Last week I got an email from Sruthi about Reply All’s Test Kitchen series. I had been avoiding listening but once I did I felt gaslit. The truth is RA and specifically PJ and Sruthi contributed to a near identical toxic dynamic at Gimlet. This will be a longer thread, apologies. The BA staffers’ stories deserve to be told, but to me it’s damaging to have that reporting and storytelling come from two people who have actively and AGGRESSIVELY worked against multiple efforts to diversify Gimlet’s staff & content.
A bit of background. Reply All was/is an island at Gimlet. It’s the brand’s biggest show. And it showed in resources and power. When they spoke, the company listened. But they rarely exercised this power beyond the scope of their team. It was a clique. I’ve talked to PJ multiple times asking him to do more to contribute to diversity efforts at the company. Asking him to join the diversity group. To lend a voice when I spoke up at staff meetings. Anything to show the staff that he cared about the issue. His response was always that he liked that RA was perceived as a clique or club and that he cared about diversity but would have to think more about how he could get involved beyond his team.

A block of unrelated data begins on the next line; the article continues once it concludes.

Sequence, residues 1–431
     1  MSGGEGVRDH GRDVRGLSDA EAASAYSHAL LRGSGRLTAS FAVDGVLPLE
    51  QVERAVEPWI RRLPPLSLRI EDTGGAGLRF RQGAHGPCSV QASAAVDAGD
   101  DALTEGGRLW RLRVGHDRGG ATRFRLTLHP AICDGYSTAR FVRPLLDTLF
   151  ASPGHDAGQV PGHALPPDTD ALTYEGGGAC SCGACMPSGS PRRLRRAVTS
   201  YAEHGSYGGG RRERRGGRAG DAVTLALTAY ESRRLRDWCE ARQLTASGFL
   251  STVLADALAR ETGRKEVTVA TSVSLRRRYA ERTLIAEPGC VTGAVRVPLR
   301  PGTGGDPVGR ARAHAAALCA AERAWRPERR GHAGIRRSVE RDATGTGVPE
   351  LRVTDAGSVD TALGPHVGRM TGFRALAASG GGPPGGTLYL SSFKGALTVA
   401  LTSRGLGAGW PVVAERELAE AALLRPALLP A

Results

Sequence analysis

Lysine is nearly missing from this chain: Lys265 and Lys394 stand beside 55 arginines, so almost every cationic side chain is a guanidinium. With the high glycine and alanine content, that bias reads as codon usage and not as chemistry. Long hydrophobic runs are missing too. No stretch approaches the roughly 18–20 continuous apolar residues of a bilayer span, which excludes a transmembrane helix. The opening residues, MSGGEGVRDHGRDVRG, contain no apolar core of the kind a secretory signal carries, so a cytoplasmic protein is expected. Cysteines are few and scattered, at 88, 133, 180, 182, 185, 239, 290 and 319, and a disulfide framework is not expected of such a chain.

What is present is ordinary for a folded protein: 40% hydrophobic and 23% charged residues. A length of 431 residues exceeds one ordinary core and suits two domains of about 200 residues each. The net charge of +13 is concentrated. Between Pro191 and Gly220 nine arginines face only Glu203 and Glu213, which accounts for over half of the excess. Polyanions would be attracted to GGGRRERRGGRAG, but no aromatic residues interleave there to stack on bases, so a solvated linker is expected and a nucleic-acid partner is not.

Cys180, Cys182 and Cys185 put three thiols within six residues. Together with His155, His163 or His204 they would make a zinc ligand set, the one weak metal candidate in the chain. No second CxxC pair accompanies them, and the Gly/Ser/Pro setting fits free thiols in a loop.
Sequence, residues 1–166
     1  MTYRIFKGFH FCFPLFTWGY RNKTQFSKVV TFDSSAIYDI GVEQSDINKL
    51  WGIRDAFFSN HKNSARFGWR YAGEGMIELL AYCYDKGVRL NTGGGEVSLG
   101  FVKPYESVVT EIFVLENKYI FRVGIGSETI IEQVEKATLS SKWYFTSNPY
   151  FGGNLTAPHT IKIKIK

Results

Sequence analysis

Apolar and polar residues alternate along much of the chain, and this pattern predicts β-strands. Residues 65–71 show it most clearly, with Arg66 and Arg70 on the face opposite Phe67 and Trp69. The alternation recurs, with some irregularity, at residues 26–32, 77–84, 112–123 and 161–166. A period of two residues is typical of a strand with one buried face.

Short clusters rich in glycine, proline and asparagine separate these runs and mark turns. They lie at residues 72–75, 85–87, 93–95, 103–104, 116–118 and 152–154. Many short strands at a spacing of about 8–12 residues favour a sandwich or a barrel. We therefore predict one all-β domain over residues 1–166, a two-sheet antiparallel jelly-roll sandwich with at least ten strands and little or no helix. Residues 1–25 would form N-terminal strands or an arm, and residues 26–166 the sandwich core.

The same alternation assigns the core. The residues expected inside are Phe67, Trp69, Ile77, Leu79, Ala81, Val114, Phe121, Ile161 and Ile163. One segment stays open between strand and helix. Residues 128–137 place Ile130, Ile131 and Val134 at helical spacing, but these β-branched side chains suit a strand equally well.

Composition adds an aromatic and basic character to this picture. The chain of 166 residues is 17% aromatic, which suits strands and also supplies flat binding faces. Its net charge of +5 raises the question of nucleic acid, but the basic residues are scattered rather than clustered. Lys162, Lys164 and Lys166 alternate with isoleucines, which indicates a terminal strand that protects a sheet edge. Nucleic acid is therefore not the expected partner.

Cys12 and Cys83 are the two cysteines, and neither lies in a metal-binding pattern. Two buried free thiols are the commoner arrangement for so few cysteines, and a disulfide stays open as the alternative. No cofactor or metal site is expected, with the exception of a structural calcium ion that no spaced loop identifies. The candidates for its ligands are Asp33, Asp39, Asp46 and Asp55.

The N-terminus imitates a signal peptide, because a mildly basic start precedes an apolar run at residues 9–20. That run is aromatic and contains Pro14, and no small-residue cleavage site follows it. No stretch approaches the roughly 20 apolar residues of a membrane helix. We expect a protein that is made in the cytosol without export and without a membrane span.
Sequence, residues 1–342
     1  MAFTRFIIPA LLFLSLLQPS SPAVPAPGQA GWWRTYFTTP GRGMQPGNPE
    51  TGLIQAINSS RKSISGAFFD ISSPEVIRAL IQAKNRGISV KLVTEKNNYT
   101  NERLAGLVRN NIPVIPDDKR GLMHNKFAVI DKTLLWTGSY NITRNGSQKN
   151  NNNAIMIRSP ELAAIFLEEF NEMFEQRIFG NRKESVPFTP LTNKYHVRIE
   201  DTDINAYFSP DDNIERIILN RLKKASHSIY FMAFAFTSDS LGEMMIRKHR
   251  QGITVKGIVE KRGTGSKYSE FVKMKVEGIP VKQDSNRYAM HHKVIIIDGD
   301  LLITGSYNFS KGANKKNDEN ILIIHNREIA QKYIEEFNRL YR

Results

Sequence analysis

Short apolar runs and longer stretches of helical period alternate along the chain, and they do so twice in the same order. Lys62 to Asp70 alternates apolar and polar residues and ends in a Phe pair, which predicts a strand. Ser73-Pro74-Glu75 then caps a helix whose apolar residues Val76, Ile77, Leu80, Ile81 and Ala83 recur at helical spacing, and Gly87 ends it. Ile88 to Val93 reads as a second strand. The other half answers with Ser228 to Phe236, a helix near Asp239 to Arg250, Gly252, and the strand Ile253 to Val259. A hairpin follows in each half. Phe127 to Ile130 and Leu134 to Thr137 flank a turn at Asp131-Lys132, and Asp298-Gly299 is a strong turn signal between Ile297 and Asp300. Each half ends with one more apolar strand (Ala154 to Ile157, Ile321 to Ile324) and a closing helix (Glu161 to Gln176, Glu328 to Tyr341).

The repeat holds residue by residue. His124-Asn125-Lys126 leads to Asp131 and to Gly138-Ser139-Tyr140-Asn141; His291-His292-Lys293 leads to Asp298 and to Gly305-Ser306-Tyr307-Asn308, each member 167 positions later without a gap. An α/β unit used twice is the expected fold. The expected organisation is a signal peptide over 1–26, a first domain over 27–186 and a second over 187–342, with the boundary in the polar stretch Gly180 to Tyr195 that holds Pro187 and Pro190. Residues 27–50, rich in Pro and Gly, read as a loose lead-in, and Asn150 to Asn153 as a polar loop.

When Gimlet unionized, many POC’s felt that it was their last chance at creating an environment within Gimlet where they could succeed. I joined the organizing committee. We put together a robust list of demands related to working conditions, equity, freelancers, diversity, & IP When RA came up, many pointed out that PJ and Alex G had some of the closest, deepest relationships to management. A lot of folks simply didn’t know them. The folks who DID know them didn’t feel comfortable pushing back on the fears of others. So RA found out about the effort last. They were pissed. The team led by PJ, Sruthi, and Alex G used their weight as a cudgel against our efforts at voluntary recognition. Sruthi personally held an Anti-union meeting, trying to rally people against it. I’ve personally seen harassing messages sent by PJ to other Organizing Committee members. Heard him denigrate other colleagues. He and I had a meeting, where I begged him simply not to attack the union. He told me he was slacking with Sruthi and that she had “called me a piece of shit and asked him to tell me.” I told him that we weren’t going to disrespect each other. He said “Well let me stop slacking with Sruthi.”